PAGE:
Celebrate World Fisheries Day


Through Nelli williams

Updated: 22 June 2018 Posted: 22 June 2018

This Saturday, June 23, fishermen around the world will celebrate the inauguration of a party Alaskans can certainly support – World Fisheries Day. My husband, two young children and I will be celebrating this fish vacation from our boat, enjoying the long June day looking for some fish and playing on some gravel bars.

World Fisheries Day was created to encourage families to go out on the water together, unite the fishing community, attract new people to the sport and highlight the positive changes fishing can have in life. people. The folks at Fishing TV have come up with an exciting concept to share a live feed of anglers hunting iconic species in 24 locations around the world, and it’s no surprise that one of their first locations is none other than Alaska.

With five species of wild Pacific salmon, rainbow trout, rainbow trophy and abundant Dolly Varden, arctic char, grayling and more, we know Alaska is special when it comes to food. fishing, whether you are fishing with a rod and reel or with a net. It’s no surprise that residents and visitors alike flock to the rivers this time of year, supporting two of our state’s three biggest economic pillars: fishing and tourism. The sport fishing industry alone supports over 1,100 businesses, employs over 2,500 fishing guides (87% of whom are Alaskan) and contributes $ 1.4 billion to our economy each year.

If you’re unfamiliar with the plight of wild salmon outside of Alaska, you might not realize how lucky we are. Other states spend millions each year to repair wild salmon habitat, restore adequate water flows to their rivers, and move fish around large dams. They struggle to keep wild salmon populations at fractions of their historic size. Over the past 100 years, more than 400 runs of wild Pacific salmon and rainbow trout have been killed along the west coast, the main cause of which is habitat degradation.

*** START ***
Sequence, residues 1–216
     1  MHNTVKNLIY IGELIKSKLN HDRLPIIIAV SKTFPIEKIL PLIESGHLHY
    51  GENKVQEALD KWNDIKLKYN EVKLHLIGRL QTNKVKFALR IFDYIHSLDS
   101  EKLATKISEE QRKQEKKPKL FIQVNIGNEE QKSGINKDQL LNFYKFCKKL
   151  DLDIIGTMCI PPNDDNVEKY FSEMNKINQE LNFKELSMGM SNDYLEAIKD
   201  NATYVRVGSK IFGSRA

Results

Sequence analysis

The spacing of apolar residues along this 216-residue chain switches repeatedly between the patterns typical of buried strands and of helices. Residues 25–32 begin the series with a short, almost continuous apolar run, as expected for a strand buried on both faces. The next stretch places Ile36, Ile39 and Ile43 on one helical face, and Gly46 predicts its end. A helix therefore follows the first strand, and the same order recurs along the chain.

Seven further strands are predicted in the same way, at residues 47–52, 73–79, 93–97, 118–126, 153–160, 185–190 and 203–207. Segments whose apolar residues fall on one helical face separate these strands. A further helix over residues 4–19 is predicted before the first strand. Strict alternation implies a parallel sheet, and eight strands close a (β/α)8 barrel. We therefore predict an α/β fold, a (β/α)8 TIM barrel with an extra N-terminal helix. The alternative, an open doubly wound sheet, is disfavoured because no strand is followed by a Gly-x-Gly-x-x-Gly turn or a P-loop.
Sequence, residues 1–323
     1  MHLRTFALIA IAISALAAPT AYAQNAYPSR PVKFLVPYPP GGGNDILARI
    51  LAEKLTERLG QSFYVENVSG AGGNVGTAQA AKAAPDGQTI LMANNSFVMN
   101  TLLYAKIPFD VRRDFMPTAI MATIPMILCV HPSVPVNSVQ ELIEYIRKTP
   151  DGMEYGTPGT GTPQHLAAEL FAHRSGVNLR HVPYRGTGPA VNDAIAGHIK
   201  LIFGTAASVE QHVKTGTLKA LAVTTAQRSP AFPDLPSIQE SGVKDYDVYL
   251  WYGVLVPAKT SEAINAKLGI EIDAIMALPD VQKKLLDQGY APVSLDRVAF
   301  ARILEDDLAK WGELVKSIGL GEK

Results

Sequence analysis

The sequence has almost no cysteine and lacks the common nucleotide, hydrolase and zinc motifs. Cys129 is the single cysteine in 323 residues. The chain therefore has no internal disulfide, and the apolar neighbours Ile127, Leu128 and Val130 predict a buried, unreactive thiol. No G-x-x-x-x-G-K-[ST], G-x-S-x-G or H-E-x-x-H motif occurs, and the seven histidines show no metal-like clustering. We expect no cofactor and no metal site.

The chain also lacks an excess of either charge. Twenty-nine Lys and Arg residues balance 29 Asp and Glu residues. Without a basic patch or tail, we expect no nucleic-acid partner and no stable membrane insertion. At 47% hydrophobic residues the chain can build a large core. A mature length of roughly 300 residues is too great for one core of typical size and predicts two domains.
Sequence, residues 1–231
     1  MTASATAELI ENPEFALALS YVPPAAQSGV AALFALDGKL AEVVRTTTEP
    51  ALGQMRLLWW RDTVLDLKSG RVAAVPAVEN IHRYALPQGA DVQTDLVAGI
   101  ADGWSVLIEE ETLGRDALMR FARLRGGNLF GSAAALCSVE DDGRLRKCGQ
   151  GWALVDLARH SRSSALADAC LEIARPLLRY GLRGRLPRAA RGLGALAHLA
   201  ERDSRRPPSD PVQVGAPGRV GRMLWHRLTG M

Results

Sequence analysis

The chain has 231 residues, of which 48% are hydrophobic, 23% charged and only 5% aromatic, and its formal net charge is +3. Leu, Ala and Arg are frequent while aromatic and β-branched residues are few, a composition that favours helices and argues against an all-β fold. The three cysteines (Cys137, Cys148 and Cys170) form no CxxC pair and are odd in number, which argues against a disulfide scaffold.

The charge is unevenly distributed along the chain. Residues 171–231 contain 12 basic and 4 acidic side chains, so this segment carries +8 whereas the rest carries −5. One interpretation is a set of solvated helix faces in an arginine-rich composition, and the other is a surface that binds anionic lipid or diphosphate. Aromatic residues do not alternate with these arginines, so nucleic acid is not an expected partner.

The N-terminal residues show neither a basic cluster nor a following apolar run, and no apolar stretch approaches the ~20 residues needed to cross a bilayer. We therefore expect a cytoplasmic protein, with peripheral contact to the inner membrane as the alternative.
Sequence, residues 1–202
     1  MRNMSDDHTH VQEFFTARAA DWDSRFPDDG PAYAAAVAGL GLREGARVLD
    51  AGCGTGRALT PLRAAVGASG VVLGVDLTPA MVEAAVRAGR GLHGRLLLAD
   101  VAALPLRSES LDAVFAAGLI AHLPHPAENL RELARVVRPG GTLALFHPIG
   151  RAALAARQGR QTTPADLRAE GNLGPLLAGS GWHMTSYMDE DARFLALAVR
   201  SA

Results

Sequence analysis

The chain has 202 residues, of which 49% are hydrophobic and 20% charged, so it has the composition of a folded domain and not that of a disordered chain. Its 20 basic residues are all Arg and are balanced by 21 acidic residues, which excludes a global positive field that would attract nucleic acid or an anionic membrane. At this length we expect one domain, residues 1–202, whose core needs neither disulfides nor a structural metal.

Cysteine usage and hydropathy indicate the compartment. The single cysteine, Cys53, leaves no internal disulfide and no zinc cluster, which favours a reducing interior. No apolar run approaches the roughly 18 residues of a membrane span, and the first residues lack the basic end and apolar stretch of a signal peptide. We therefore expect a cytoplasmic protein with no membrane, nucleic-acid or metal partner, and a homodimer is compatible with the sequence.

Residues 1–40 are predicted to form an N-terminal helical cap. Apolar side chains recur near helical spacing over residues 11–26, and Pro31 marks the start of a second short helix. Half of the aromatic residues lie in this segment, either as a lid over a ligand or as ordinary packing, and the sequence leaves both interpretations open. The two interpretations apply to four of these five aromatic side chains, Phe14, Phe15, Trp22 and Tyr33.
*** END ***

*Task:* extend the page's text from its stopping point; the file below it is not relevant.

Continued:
By comparison, Alaska is in relatively good shape, but threats are mounting and alarm bells are ringing. Emergency orders have been issued closing many fishing grounds in south-central and southeastern Alaska to protect low returns of king salmon. The proposed Pebble mine, planned atop and near waterways essential to support the massive Bristol Bay salmon runs, is on track to secure a major permit from the Army Corps of Engineers. New science increasingly confirms that oceanic competition between wild and hatchery salmon is impacting wild salmon runs in south-central Alaska. On Prince of Wales Island in the south-east, hundreds of culverts hamper fish migration. In British Columbia, along rivers that flow into Southeast Alaska, a series of massive mines are putting the region’s fisheries and economy at risk.

Protecting fish habitat and expecting responsible development of our natural resources is an easy way for Alaskans to work together to protect our fisheries, support our economies, and protect our fisheries heritage. Unfortunately, as Alaska is developing at a rapid rate, the primary law governing development near salmon streams is woefully outdated, does not reflect new scientific information, and does not allow the people of Alaska to provide feedback on projects that could be built in our important fishing rivers and hunting areas.

So what can you do?

Most of you are probably already planning to do the first: Celebrate World Fisheries Day by going to the water and being grateful for the unprecedented fishing resources provided by the spawning grounds of our abundant Alaskan rivers.

Then I ask you to go further and support efforts to protect fish habitat. Call on our heads of state to push back on ill-conceived projects like the proposed pebble mine that irresponsibly endanger our fisheries, our communities and our culture. Support the Salmon Habitat Voting initiative in November to improve laws guiding responsible development and tell others to do the same. Take part in a river clean-up day on your favorite fishing river.

Recently our 6 year old drew a picture of a toothy giant bright sockeye jumping from a light blue river. He captioned it: “In Ulaska, you take the samin car.” Let me translate: “In Alaska, you take care of the salmon.” I think he might be on to something. If we follow this advice, we will continue to feed our economy and our families, support thousands of jobs, and maintain the fishing and hunting opportunities that many of us enjoy. It looks like a bright future for Alaska and something to keep in mind this World Fisheries Day and beyond.

Nelli williams lives in Anchorage with her husband and two young children and is the Alaska Director for Trout Unlimited.

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